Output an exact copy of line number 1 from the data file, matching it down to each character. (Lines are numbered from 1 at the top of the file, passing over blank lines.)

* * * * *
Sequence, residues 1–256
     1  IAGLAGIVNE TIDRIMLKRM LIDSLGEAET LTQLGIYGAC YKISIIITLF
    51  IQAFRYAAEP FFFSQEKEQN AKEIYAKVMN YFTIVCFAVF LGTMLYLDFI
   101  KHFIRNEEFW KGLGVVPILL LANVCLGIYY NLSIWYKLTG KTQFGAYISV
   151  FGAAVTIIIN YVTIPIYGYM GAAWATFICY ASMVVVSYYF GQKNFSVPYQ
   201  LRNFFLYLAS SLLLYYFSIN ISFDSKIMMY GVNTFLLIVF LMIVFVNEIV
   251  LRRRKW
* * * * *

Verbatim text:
Sequence, residues 1–256